Anybody here read this book, any thoughts?
What do you guys think regarding beating Craps? Is this game more beatable than a game of BJ with typical rules?
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Please note that everything I write after this line is pure speculation:
No, craps is not, and probably cannot ever be more "beatable" than BJ with typical rules. Craps is...well, for lack of a better term, a crapshoot (which is where the term came from).
The theory behind beating craps is more or less a break down on how the bets work, which bets are the most advantageous to players, and what bets to avoid.
Many books will tell you about "setting" the dice before the throw. In a most basic break down of what "setting the dice" is, it is just setting the dice to a certain orientation in your hand before you throw. This does not mean you can throw a specified "roll," for example a 1-1, any time you want. Setting the dice is essentially just to reduce the normal "random" outcome of a dice roll/throw.
There are some people who claim that they can roll certain numbers all the time, but the casinos have taken steps to prevent this. The dice must bounce off the back wall of a craps table, and the sides are lined with a padded felt that has little pyramid/cube shapes that are supposed to disrupted and randomize the dice rolls even further. If you don't throw the dice hard enough, or fail to throw them such that they hit the side walls, the stickman can declare "no-roll" and make you roll again.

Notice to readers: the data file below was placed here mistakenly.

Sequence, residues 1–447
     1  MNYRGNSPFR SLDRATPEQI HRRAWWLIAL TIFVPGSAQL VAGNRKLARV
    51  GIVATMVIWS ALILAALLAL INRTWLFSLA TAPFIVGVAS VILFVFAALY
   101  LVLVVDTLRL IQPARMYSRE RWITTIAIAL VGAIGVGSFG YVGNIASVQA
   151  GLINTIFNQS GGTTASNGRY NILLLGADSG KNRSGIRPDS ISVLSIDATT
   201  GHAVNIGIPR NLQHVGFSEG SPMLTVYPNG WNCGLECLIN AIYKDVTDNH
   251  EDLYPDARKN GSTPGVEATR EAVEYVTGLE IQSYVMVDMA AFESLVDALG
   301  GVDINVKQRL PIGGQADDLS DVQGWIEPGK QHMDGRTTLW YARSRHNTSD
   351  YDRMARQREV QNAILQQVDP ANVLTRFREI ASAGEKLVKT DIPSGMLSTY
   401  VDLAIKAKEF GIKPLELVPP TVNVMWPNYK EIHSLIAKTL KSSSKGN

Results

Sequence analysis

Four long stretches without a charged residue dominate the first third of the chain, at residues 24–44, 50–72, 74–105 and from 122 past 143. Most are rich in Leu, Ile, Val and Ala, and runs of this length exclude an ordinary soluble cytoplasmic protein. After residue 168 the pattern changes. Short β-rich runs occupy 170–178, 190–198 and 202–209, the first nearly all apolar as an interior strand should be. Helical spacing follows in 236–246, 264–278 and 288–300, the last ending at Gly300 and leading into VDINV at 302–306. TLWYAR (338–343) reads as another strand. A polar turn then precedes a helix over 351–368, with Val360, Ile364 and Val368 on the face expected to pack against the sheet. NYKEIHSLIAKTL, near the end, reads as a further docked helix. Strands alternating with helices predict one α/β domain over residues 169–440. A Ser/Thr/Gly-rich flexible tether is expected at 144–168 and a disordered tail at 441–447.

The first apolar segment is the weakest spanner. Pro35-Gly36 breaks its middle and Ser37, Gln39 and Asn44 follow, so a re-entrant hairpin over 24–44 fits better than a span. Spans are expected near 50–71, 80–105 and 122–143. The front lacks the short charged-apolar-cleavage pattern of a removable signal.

Craps can be a fun game. One of the most exciting and social games in a casino, as a matter of fact. It can be beaten, but I would not think that it can be beaten to the same degree as blackjack can be. It can be profitable cover, regardless of if you win or lose. And if you get good enough, even winning at craps is good cover.
I spent 18 months practicing throwing dice. I did not have any formal training. During this time, I recorded over 50,000 rolls. My results demonstrated that I could achieve an advantage, but not larger than blackjack. You can read about it in the greenchip archives.
First, although I have no abilities, I have no trouble believing that a skilled shooter could influence the outcome of a throw of the dice. Why not? Humans are able to train themselves to achieve high levels of proficiency at all kinds of physical activities. And I'm not speaking only of elite athletes. With dedication and training, plenty of weekend warriors advance quickly in sports such as skiing, tennis, golf, and pool. The skill of throwing dice in a standardized motion should be no different.
But the key word here is "influence." No one (at least no one reputable) claims to be able to control a throw to the point of hitting a certain number every time, or even to the point of being able to prevent the dice from going off-axis any overwhelming percentage of the time. Instead, the goal is keep the dice on axis with a frequency sufficient (compared to a random roll) to modestly alter the distribution of numbers thrown.